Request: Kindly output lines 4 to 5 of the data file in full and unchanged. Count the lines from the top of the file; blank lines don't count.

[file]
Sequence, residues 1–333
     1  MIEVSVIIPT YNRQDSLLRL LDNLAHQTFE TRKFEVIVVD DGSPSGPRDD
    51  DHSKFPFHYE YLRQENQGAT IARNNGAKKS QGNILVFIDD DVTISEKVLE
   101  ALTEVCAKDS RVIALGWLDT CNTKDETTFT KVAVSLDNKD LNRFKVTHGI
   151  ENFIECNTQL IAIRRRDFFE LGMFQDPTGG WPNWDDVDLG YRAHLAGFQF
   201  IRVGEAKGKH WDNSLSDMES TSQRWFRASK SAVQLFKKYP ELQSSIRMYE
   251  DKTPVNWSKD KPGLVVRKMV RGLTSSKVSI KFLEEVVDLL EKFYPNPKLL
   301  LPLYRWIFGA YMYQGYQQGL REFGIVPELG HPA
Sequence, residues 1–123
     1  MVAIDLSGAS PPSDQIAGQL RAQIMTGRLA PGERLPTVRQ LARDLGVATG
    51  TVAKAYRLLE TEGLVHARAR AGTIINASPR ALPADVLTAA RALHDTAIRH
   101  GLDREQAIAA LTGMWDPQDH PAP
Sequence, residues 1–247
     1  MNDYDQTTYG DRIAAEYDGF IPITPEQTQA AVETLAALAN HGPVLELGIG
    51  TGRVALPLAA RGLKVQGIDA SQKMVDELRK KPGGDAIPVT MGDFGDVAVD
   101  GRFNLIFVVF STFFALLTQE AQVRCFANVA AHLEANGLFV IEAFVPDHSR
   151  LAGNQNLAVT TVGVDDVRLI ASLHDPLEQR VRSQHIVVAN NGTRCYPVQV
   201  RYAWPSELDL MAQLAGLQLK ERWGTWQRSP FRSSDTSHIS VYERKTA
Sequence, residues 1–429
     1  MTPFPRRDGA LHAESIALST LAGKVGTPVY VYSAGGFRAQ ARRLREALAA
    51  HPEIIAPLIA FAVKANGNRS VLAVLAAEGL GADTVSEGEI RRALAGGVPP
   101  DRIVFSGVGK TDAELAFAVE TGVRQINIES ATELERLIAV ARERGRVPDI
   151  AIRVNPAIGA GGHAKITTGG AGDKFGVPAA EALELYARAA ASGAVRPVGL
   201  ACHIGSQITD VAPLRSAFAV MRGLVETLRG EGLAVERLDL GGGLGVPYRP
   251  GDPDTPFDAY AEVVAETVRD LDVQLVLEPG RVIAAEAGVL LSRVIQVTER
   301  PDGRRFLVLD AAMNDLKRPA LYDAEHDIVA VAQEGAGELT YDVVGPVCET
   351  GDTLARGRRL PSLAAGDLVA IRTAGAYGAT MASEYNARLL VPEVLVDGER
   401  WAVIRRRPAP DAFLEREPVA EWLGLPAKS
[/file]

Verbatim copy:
   101  ALTEVCAKDS RVIALGWLDT CNTKDETTFT KVAVSLDNKD LNRFKVTHGI
   151  ENFIECNTQL IAIRRRDFFE LGMFQDPTGG WPNWDDVDLG YRAHLAGFQF